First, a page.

At this time I received a letter from my brother-in-law, Carl Berger, asking me to come to his home as his wife was very sick.  I arrived there by train October 7th.  They were glad to see me and I found Amalia, his wife, very sick.  I fasted and prayed the following day, administered to her, and she seemed to be relieved; but soon relapsed.  I repeatedly administered to her, but each time I became more convinced that she would go.  She observed this and seemed to be so pleased that I was so interested in her.  She was so glad I had come, but at last she could positively see that it was no use as she was gradually sinking.  Saturday evening she called her family around her and admonished them to receive the gospel and listen to what I told them.  I could see how pleased she was because I stayed.  I, therefore, remained with them until she passed Sunday the 16th of October, while I was holding her hand she died.  The last words she uttered were that if her husband did not live so he could attend to the ordinances in the temple that I would, which I promised to do after which she quietly passed.  The sorrow of her small children was a pitiful sight.  I stayed with them trying to comfort and console them, helping her husband with the funeral, which was held on the 21st of October 1881.  President Hogensen and some other brethren from Christiania and Fredrickstad attended the funeral.   

The 25th of October I left for Christiania and the following morning in company with August Johnson we started for Eidswold.  He had been in the Hedemark Mission and went along to introduce me to the saints.  The Hedemark Branch was composed of the largest tract of land in Norway and the saints were scattered from north to south, one or two in a place, consequently could not spare much time in each place because of being alone.  As I visited among the saints, I soon found out their standing.  A young man, C. Hansen, by name who had been there I found had taken too many liberties with the women of every place and they acknowledged to me and felt very miserable.  The people were good, humble Later-day Saints desiring to serve God and had great faith in the Gospel.   After a while I got things straightened.  They renewed their covenants and felt happy and thankful.  The conduct of this man had a bad influence in the whole neighborhood as the scandal had cropped out among members and strangers.  With all my humble exertion, it seemed that every door was closed against me, but at last I got a good foothold in Eidswold, a place where no Mormons had been.  Here I spent a good deal of my time holding meetings and visiting among the people, gaining a good many friends.  The adversary, however, stirred up strife.  A mob tried to disturb our meeting, but the more they did against us the better we were advertised and everything seemed to strengthen the faith of our friends.  At last several persons presented themselves for baptism.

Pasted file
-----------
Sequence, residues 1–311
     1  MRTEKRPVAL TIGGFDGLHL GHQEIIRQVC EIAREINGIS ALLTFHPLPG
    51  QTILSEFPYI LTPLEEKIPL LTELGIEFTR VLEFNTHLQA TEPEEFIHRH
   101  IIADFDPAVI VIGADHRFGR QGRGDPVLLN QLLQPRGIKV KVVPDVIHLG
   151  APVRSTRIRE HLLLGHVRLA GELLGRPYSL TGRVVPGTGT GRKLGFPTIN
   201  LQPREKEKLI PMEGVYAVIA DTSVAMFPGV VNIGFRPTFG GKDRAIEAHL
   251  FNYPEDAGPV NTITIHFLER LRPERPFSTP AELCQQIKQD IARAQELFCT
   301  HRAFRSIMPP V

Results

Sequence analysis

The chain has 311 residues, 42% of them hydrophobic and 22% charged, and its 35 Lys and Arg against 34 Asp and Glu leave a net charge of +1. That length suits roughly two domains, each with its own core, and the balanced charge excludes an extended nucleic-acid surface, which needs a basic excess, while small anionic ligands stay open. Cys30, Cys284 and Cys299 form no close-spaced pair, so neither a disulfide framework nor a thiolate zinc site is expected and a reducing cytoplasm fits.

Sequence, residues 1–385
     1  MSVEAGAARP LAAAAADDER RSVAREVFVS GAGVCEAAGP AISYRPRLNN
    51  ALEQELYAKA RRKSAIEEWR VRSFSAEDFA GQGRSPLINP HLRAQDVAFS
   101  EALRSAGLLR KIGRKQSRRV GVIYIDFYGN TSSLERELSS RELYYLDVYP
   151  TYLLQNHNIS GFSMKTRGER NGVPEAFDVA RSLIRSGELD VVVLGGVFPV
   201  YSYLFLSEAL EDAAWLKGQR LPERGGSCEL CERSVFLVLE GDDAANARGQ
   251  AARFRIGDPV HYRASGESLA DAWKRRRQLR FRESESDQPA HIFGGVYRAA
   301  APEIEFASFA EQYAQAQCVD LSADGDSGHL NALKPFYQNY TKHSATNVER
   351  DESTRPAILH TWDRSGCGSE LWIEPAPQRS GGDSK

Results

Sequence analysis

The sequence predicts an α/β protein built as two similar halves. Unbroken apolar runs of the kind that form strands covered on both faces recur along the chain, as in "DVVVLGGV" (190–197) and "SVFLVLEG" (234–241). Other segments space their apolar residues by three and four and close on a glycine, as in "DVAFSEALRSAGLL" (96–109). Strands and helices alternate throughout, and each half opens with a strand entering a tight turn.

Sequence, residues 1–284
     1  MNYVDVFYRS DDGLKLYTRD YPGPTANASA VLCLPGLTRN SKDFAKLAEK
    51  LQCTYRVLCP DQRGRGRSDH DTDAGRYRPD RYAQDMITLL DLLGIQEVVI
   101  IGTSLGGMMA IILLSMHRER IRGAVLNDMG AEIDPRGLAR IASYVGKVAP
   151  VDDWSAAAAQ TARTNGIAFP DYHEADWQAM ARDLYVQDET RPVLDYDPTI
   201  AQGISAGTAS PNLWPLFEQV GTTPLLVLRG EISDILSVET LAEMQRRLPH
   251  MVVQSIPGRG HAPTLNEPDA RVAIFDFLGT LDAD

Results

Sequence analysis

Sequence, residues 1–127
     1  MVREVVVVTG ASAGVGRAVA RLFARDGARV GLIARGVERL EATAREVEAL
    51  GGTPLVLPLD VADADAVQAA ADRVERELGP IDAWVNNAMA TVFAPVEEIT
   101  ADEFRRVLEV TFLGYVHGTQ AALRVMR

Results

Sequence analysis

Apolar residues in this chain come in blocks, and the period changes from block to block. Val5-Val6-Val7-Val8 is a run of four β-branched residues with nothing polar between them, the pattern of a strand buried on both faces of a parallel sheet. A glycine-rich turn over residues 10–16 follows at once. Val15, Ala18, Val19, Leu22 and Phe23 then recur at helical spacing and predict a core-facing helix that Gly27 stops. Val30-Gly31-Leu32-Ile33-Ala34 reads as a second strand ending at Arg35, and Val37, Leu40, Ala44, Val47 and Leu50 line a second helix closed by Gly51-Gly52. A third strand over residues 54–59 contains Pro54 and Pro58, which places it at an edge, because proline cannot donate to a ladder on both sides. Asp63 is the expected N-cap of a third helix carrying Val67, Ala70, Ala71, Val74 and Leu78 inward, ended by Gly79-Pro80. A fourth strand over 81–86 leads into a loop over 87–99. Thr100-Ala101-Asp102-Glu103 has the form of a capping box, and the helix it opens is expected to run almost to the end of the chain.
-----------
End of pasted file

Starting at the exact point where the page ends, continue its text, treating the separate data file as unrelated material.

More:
Once in a while I took a trip to Strange and Ness where I was always welcomed by the few saints and had excellent opportunities to hold meetings.  A great interest was shown and some very good friends were gained among whom I will mention Martin Johannesen and wife Martina who after a short investigation presented themselves for baptism.  We tried to avoid publicity and had to pass several houses before we came to suitable water choosing an evening for performance of the ordinance.  The family had small children.  I called on two sisters, one to stay with the children and the other to help the lady when she was baptized.  It was a bright, beautiful moonlight evening when we left home.  We avoided the road as much as possible so as not to be observed.  It was a three-mile walk to the place chosen for the ceremony taking about one and half-hours.  When we drew near the water darkness spread over us as black as pitch.  We could not see our hands before us.  A wind began to blow and I could hear the water splashing against the shore.  I knew we were close to the water's edge but could see no way by which we could reach it.  I groped along until I got hold of a fence, took a rail in my hand.  Told the people to grip hold of hands and follow each other.  We proceeded slowly and carefully, I feeling my way with the rail at last reaching the water's edge.  I measured the depth with the rail and found it a fine place to baptize.  As I took the rail out of the water and threw it to the ground I observed pearls of light on the ends of my fingers and at the same moment looked at the people standing in a group, and they were surrounded from ear to ear with a light similar to an electric light.  I passed my hand through the light, but there was no heat.  The wind began blowing harder, and I proposed that we perform the baptisms as soon as possible.  We knelt down and prayed and the light remained with us.  We prepared ourselves for the water, went in and performed the ordinance and the light still remained.  When we were through and dressed and started on our return it began to snow and before we reached the road the whole country was white and lovely as a clean sheet.